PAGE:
October 22, 2012
TD Economics, an affiliate of TD Bank, has released a report crediting the revival of the U.S. manufacturing sector as a key driver in the economic recovery, largely caused by a slowdown in offshoring activity. This slowdown has kept in the U.S. some of the jobs that used to be offshored rapidly, especially ones in relatively capital-intensive industries such as computers and electronics, machinery, fabricated metals, and plastics and rubber, accounting for about one-quarter of the 200,000 manufacturing jobs added over the last 12 months.
The report indicates that since the trough occurring in January 2010, the manufacturing sector has added nearly 500,000 jobs. The drivers behind the deceleration result from a combination of dynamic global and domestic conditions. On the global scale, offshore wages have risen rapidly, while appreciating Chinese currency and volatile transportation rates have weakened offshoring’s cost advantages. Domestically, existing intellectual property protection, flexibility arising from tighter supply chains, a trend toward mass customization, and access to natural gas energy from shale formations have begun to tip the manufacturing scales back in the favor of the U.S.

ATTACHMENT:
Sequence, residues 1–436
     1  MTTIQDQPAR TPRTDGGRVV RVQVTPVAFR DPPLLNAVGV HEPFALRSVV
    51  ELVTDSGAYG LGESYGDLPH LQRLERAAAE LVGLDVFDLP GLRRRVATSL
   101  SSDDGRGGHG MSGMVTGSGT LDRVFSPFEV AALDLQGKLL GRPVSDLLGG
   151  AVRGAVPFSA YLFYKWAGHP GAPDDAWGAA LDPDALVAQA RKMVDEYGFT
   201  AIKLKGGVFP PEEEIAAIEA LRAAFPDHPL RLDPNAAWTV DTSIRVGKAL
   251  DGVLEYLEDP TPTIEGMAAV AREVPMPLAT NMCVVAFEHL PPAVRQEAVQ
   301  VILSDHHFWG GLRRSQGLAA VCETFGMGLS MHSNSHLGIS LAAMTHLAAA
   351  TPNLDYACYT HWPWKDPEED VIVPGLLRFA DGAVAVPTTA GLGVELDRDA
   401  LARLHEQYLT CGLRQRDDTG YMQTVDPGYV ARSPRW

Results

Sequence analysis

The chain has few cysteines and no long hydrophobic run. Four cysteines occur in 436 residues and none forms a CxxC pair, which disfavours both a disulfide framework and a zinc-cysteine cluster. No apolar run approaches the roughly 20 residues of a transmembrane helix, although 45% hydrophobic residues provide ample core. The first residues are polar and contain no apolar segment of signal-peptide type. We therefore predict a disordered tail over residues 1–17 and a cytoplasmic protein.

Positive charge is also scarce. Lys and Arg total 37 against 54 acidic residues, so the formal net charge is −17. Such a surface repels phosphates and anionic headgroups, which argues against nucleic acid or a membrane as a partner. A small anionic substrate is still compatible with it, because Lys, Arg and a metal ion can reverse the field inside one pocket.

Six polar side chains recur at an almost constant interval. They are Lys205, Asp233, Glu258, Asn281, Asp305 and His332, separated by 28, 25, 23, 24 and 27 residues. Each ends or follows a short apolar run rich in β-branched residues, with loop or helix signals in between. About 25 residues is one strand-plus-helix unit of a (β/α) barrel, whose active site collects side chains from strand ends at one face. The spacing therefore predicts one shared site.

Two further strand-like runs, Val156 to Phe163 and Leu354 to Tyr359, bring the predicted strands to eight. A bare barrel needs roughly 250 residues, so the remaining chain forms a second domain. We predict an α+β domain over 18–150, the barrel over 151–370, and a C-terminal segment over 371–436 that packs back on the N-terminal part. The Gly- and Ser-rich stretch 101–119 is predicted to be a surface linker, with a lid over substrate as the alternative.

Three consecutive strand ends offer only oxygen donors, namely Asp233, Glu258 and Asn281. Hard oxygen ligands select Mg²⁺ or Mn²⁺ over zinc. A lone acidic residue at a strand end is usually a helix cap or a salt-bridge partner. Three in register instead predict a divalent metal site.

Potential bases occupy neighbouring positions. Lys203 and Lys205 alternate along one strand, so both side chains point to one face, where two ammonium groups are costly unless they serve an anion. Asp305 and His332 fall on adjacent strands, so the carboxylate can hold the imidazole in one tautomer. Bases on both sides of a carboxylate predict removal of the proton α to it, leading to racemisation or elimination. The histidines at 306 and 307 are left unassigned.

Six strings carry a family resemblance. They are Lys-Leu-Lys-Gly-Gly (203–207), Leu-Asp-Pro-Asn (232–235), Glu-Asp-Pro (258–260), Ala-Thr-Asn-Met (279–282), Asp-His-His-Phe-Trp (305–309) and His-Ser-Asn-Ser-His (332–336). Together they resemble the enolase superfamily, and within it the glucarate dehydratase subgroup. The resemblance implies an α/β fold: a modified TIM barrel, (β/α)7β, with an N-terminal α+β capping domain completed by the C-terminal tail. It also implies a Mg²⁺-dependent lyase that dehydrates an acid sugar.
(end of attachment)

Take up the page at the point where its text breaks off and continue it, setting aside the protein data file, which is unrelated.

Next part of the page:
"Even though manufacturing has shed jobs in the past two months, it does not detract from the remarkable upswing that has been under way since the Great Recession ended. This resurgence has bucked a trend that has been in place for more than a decade, allowing manufacturing jobs to be a key driver of the economic recovery," said Michael Dolega, economist and author of the study. "We believe that capital-intensive manufacturing industries will lead this onshoring trend, while labor-intensive industries such as apparel and textiles will remain, or perhaps be pushed even further, offshore."
The report cautions that en masse industry onshoring isn't likely to occur, nor will the trend replace the nearly 6 million jobs lost to offshoring since the peak in the mid-2000s. Also of note is that new manufacturing jobs will require less labor-intensive but more high-skill, highly productive positions.